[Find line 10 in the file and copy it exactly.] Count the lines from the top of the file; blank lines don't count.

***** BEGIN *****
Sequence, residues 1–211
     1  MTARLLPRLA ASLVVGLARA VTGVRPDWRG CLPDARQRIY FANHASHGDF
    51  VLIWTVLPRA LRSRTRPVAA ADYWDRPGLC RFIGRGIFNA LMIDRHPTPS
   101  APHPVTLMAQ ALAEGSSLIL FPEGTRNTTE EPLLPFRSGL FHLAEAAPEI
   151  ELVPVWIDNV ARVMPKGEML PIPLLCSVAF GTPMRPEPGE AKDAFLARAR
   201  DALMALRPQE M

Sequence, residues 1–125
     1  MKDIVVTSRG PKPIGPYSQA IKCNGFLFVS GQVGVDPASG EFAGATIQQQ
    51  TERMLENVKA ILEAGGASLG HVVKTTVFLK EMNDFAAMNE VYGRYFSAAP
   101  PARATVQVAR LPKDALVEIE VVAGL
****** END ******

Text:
   101  PARATVQVAR LPKDALVEIE VVAGL